fifth-generation combat helicopter, which experts say would be able to
attack fighter jets and be invisible for radars, the Gazeta daily said
“We are working on the concept of the fifth-generation combat
helicopter,” the paper quoted the company’s CEO, Andrei Shibitov, as
saying at a news conference in Moscow.
Shibitov did not specify the characteristics of the helicopter, but said
the company was going to spend some $1 billion on the project, with
more investment expected to be allocated from the state budget.
The official said the Mil design bureau had been working on a classical
rotor model, which features a large main rotor and a smaller auxiliary
rotor, while the Kamov design bureau had been developing a coaxial rotor
easy to fly while the classical model is more reliable and has a higher
degree of survivability on the battlefield.
First deputy head of the Russian Academy of Geopolitical Issues,
Konstantin Sivkov, told the paper that fifth-generation combat
helicopters have never been built before, although the United States has
recently begun working on a similar project.
He said a fifth-generation combat helicopter must have a low radar
signature, a high noise reduction, an extended flying range, be equipped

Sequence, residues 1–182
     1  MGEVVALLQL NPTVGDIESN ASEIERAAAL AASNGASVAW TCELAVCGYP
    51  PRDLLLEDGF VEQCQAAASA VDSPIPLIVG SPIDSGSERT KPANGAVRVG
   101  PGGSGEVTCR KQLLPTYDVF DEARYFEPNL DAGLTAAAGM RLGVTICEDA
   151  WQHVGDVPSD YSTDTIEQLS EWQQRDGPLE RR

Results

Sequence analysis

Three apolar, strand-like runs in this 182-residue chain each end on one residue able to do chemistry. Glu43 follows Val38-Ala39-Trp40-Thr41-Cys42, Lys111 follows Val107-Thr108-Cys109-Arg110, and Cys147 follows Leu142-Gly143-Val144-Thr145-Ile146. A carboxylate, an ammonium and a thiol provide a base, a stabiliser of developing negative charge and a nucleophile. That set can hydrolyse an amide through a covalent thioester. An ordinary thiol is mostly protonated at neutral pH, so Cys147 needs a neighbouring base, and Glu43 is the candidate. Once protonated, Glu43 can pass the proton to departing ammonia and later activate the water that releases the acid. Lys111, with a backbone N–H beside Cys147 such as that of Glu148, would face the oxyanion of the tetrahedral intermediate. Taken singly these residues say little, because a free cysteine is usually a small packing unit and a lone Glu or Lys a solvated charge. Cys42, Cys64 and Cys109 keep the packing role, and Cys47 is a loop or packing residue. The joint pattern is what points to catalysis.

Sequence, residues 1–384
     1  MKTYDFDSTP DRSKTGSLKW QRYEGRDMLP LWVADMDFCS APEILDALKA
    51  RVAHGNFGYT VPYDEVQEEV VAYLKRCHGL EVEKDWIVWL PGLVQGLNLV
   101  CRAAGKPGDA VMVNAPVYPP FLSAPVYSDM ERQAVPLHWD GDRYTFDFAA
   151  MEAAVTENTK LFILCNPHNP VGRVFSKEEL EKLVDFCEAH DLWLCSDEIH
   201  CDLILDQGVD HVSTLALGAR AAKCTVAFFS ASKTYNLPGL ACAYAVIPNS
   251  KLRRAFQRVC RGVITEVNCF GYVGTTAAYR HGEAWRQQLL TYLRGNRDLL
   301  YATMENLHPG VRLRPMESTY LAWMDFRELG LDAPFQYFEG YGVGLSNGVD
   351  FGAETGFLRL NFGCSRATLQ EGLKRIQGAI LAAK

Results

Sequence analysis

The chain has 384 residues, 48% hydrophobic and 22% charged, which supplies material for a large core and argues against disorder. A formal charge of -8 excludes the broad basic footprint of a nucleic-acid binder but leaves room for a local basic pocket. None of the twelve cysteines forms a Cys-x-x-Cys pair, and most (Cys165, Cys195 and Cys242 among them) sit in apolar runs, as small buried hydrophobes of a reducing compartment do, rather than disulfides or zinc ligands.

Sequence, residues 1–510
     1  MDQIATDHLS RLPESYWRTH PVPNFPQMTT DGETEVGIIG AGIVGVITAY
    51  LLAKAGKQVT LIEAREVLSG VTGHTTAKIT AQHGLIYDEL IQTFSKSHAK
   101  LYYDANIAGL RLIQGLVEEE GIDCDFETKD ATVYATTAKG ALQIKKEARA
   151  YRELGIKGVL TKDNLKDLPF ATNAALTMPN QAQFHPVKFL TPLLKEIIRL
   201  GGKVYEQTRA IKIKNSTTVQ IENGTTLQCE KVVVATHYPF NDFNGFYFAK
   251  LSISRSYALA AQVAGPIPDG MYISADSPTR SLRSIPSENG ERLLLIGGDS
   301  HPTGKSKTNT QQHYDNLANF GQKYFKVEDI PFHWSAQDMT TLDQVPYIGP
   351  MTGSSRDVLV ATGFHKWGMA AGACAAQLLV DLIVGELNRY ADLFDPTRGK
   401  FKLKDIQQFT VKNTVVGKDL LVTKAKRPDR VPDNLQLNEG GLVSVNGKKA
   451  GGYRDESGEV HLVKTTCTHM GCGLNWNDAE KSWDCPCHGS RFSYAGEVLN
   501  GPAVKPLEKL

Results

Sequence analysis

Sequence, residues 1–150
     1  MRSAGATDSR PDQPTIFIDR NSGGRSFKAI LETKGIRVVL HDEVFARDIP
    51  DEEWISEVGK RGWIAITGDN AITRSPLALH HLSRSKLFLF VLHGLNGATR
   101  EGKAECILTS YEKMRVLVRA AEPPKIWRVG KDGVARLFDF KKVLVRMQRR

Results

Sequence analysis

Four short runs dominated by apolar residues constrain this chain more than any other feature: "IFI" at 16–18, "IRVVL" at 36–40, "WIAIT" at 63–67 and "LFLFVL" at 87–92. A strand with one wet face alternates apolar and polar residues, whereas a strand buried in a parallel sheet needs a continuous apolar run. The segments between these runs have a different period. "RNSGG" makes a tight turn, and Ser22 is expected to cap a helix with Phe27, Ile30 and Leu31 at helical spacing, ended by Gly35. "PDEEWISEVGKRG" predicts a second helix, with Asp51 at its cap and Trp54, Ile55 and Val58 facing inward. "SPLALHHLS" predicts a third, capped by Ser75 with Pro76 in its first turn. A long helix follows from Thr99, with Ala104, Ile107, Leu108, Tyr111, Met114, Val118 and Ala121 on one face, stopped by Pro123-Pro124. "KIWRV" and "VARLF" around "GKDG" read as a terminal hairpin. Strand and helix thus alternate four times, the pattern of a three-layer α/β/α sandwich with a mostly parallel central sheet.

with a computerized arms control system, be able to combat fighter jets
(existing helicopters are generally only intended to hit ground-based
targets) and reach a speed of up to 500-600 km/h (310-370 mph).
The project cannot proceed, however, unless it is backed by the government.
“If the government does not sign a contract, the idea will die on the
vine,” head of the Russian Academy of Geopolitical Issues Leonid Ivashov
Ivashov said that with sufficient investment and good organization the
new helicopter could be built within five years. Otherwise, the project
may drag on for 20-30 years.
But he was somewhat skeptical about the chances of carrying out the project.
“We have been trying to tackle everything – fifth-generation planes,
fifth-generation helicopters, but nothing of this have so far been
supplied to the army – today the army still uses helicopters produced in
1970s,” Ivashov said.
Russia’s main combat helicopter, the Mi-24 Hind, is a third-generation
helicopter, and a few Mi-28 Havoc, Ka-50 and Ka-52 Hokum, which have
just started to arrive in the Russian army, are fourth-generation